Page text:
5 Continuous Improvement Examples (And How To Incorporate)

Indeed Editorial Team

Updated 12 October 2022

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A continuous improvement process is an ongoing effort to improve products, services or processes. The continuous improvement process offers an assortment of methods for business operations and professionals to expand the scope of development and growth. Knowing more about continuous improvement can help you to reduce waste and optimise outcomes. In this article, we examine some general continuous improvement examples, review two types of continuous improvement processes and provide examples of this type of improvement mechanism in action.

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‍5 Continuous Improvement Examples

Here are five common continuous improvement examples:

1. Think tanks

Periodic think tank and ideation sessions can be beneficial for a company's growth. You can choose to run think tanks with a specific agenda in mind, or elicit the attendance of key personnel to ensure that each of the individuals discuss relevant ideas. You can explain how processes work during these sessions to see if there are any areas that require improvement or change.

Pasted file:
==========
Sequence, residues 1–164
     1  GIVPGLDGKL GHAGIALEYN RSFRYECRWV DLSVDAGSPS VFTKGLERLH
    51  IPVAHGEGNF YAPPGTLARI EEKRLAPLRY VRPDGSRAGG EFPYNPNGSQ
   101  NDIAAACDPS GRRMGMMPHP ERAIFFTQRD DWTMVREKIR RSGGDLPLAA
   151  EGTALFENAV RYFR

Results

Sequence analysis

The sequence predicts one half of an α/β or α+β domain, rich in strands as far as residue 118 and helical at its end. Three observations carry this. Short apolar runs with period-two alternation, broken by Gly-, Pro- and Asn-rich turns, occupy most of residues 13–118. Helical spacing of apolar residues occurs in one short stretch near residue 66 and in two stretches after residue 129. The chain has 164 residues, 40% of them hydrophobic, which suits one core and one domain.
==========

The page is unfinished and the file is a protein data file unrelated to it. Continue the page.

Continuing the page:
Because technology is intertwined with most business processes. Discussing updates and new technological solutions geared towards optimisation is often a good place to start. Automation solutions, for example, are becoming increasingly important for businesses to remain competitive and reduce operational costs.

Related: What Is Competitive Strategy? Definition, Types And Examples

2. Surveys